It was precisely then that Armanoush felt the pulse of the city for the first time since she had arrived in Istanbul. It had just hit her why and how people could fall in love with Istanbul, in spite of the sorrow it might cause them. It would not be easy to fall out of love with a city this heartbreakingly beautiful (Shafak, 257).
By showing Armanoush that not all Turks are the arrogant, self-righteous people her father’s family describes them as and helping her discover and experience the city of her ancestors, the Turkish family is able to help her reconcile her past while affirming her identity as a proud Armenian. During this time, Armanoush successfully reaches the status of identity achievement by resolving her identity crisis and committing to a particular set of beliefs and values (Sigelman, 360).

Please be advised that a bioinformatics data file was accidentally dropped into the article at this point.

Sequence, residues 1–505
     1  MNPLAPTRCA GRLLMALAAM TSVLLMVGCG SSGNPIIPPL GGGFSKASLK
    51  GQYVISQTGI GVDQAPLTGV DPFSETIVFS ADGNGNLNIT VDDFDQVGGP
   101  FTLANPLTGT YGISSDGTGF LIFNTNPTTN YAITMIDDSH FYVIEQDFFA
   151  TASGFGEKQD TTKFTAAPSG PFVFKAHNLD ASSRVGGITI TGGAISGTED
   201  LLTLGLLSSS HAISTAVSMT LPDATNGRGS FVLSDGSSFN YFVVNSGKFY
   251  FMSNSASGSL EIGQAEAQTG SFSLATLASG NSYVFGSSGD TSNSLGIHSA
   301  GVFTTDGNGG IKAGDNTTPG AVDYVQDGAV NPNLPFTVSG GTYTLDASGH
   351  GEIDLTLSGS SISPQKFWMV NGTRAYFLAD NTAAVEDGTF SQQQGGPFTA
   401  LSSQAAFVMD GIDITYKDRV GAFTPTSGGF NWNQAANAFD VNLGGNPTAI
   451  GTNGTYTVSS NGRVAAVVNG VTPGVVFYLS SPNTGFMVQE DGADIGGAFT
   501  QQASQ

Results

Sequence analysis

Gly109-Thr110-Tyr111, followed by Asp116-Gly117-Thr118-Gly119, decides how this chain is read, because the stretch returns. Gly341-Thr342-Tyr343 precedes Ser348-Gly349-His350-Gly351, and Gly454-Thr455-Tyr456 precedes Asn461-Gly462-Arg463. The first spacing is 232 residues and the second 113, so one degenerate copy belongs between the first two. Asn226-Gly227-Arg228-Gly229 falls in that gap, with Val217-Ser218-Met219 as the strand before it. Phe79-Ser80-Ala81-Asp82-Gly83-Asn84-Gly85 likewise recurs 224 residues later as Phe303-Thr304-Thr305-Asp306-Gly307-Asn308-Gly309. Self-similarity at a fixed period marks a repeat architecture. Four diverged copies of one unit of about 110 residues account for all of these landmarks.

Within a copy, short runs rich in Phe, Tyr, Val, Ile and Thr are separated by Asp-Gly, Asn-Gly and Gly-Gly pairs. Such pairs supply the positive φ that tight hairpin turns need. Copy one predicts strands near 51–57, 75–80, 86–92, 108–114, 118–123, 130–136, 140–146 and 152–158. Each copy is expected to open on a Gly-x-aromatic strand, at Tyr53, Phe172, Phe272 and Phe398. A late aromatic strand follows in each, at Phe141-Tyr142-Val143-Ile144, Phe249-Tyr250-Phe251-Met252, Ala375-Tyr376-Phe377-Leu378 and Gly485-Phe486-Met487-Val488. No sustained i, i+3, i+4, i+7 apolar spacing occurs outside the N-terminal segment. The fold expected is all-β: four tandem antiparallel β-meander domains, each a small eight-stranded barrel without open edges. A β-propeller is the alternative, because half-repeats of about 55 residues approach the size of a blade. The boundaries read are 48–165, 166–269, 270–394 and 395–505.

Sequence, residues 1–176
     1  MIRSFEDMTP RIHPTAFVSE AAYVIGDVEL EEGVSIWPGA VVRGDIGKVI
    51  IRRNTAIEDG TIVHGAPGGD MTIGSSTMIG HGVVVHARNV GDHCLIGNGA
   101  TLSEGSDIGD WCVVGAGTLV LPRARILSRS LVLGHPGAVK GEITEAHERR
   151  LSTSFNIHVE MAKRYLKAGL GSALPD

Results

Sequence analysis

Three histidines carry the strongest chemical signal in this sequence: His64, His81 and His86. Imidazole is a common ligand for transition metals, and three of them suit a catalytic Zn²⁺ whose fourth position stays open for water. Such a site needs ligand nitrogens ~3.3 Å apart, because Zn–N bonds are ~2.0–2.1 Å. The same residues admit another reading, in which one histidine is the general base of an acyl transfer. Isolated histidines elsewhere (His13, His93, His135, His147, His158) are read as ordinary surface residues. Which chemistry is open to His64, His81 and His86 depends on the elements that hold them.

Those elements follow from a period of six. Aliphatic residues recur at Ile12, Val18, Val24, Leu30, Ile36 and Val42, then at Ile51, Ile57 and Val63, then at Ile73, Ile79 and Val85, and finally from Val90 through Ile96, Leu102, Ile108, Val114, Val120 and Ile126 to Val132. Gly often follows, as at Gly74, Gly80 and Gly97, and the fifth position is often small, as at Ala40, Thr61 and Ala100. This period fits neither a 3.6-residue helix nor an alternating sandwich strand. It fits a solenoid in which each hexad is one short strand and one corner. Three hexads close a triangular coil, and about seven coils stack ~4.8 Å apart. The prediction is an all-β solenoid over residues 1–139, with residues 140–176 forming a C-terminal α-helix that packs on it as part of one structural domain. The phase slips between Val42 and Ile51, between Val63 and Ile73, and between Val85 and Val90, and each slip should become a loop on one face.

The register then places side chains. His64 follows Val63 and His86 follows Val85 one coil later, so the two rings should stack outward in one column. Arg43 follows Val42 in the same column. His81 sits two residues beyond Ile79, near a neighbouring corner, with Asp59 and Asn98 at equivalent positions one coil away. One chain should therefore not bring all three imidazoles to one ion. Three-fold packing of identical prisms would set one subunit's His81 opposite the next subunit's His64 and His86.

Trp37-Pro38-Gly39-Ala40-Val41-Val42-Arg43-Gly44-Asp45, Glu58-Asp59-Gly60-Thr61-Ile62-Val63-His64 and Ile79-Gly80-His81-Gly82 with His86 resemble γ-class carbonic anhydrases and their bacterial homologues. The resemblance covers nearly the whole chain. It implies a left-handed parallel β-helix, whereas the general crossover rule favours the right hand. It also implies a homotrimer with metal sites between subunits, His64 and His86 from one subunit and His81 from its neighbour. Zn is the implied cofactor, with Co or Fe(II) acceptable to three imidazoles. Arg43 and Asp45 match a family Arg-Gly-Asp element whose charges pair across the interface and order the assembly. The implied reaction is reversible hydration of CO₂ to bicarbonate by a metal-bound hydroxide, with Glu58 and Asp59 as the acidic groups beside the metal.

Armanoush starts off the novel not fully committed to any identity and confused as to where she fits into the dynamics of her world. Determined to figure out where she belongs, she travels to another continent to explore her ancestors’ homeland and delve into her past, where she eventually finds the answers she is looking for and commits to the identity she discovers. According to Erik Erikson’s developmental theories, this is a perfect example of a successful identity crisis.
Sigelman, Carol K., and Elizabeth A. Rider. “Forging A Sense Of Identity”. Life-Span Human Development. Belmont: Wadsworth Cengage Learning, 2012. 358-360. Print.